EU faces crisis following controversial Polish court ruling

EU faces crisis following controversial Polish court ruling

A Polish court ruling challenging the rule of EU law has plunged the bloc into existential crisis, increasing fears among EU policymakers and many Poles that Poland could eventually leave the EU.
Politicians across Europe expressed dismay on Friday at the Polish Constitutional Court’s ruling on Thursday that parts of EU law are incompatible with the Polish constitution, undermining the legal pillar on which the 27-country EU rests .

Ursula von der Leyen, President of the European Commission, said she was “deeply concerned” and that the EU executive she heads will do everything in its power to ensure the rule of law in the country. ‘EU.

She said in a statement that the 450 million citizens of the EU and its businesses need legal certainty and that the Commission will do a quick analysis to decide on the next steps.

Although Warsaw and Brussels have been at daggers drawn since the rise to power of the Law and Justice Party (PiS) in 2015, they are now on a collision course.

‘Play with fire’

“We must make it clear that this government in Poland is playing with fire,” Luxembourg Foreign Minister Jean Asselborn said upon his arrival for a meeting of EU ministers in Luxembourg.

“The primacy of European law is essential for the integration of Europe and for living it together in Europe. If this principle is violated, Europe as we know it, as it was built with the Treaties of Rome, will cease to exist.

Officials in Brussels have said Thursday’s court ruling could lead to a series of fines and lawsuits against Warsaw that will take months, if not years, to unfold.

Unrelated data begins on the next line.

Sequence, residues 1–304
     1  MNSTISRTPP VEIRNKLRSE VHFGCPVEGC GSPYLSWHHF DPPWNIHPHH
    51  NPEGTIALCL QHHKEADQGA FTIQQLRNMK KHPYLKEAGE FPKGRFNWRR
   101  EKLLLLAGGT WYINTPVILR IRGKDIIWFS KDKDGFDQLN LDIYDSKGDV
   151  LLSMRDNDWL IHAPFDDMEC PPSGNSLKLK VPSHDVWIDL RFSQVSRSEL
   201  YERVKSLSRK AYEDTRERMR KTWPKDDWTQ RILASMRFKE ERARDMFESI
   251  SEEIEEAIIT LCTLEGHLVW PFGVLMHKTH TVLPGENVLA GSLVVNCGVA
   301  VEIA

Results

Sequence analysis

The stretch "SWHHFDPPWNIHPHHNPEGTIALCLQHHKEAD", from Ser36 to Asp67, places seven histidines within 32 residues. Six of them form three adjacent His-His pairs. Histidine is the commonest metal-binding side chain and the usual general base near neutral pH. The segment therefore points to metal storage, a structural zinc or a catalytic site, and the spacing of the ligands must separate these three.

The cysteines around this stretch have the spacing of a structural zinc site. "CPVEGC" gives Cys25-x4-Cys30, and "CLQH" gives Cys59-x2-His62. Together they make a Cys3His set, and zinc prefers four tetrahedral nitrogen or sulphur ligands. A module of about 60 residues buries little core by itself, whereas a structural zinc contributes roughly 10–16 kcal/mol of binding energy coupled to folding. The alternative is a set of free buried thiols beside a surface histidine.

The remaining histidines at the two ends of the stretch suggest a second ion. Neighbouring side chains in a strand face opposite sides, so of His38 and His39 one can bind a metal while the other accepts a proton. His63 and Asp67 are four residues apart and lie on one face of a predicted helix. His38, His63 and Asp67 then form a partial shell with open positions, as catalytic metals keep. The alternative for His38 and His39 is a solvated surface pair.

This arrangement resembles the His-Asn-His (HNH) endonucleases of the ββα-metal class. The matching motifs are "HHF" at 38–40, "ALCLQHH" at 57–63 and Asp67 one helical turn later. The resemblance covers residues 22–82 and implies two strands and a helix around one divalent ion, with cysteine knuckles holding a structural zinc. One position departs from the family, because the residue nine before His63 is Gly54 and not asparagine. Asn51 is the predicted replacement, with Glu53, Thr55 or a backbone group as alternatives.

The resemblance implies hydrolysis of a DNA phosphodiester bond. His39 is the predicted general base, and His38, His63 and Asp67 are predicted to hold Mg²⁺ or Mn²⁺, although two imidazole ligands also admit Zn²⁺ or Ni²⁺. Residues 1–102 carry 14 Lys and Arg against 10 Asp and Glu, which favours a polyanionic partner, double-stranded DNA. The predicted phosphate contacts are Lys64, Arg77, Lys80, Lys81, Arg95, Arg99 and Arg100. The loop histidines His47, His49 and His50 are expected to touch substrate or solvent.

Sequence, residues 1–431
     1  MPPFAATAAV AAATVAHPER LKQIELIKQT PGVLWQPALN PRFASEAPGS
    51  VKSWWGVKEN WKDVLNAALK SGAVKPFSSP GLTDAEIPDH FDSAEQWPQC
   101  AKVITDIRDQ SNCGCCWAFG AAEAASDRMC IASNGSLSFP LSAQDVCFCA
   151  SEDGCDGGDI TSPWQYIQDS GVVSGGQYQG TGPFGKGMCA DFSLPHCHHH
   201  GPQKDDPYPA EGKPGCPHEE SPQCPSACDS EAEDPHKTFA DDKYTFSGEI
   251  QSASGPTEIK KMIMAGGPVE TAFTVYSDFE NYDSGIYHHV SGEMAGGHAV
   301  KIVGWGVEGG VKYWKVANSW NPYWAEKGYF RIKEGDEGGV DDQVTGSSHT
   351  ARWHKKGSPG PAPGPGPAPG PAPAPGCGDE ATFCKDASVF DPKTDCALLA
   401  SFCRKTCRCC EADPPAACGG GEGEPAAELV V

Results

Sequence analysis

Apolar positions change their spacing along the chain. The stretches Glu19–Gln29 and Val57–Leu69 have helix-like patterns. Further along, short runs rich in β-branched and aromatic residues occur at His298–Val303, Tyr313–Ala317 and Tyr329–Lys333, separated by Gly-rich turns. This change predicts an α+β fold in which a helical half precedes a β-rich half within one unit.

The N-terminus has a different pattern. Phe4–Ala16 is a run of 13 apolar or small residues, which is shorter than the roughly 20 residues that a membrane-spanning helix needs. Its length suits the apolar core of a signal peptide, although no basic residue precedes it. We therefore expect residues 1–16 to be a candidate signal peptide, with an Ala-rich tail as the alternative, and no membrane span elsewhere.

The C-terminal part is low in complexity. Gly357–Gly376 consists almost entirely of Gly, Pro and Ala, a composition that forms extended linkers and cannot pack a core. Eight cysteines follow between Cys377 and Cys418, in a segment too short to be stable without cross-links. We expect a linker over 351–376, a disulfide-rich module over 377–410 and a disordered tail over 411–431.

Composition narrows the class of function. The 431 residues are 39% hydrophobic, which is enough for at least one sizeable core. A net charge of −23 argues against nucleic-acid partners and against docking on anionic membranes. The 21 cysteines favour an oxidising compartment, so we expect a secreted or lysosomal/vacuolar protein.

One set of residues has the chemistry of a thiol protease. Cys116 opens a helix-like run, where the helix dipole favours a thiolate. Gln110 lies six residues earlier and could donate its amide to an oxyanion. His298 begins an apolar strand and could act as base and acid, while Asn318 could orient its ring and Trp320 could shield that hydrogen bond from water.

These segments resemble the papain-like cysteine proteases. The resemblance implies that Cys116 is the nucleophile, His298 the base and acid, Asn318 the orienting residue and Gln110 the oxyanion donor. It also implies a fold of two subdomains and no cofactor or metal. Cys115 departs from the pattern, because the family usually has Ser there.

The PiS says it has no ‘Polexit’ plan and – unlike Britain before its Brexit referendum in 2016 – popular support for EU membership is high in Poland.

Poland’s membership of the bloc since 2004 has contributed to one of the fastest growing economies in Europe. With an increasingly assertive Russia troubling some central and eastern European states that have been for decades under communist rule, many Poles see the EU as an essential part of national security.

But, welcoming the court ruling, Polish Prime Minister Mateusz Morawiecki said that every member state should be treated with respect and that the EU should not be “a grouping of those who are equal and more equal”.

The concerns of the Poles

The populist governments of Poland and Hungary have found themselves increasingly at odds with the European Commission on issues ranging from LGBTQ rights to judicial independence.

The Constitutional Court took up the case after Morawiecki asked it if the EU institutions could prevent Poland from reorganizing its judicial system.

Poland is expected to receive some 770 billion zlotys ($ 193 billion) from the bloc by 2028, and critics say the government is putting that funding at risk. Poland’s nominal gross domestic product (GDP) was 2.3 trillion zlotys ($ 577 billion) in 2020.

A Eurobarometer survey carried out in June and July 2021 showed that almost twice as many Poles trust the EU as their national government.

“I think… there is a risk that we can get out of the EU, because all these actions that are happening can lead to this step by step,” said Warsaw retiree Grazyna Gulbinowicz.

“I think it would have a very negative impact on our overall situation, because things are not easy and without European funds it will be even more difficult, not to mention the fact that we will feel isolated. ”


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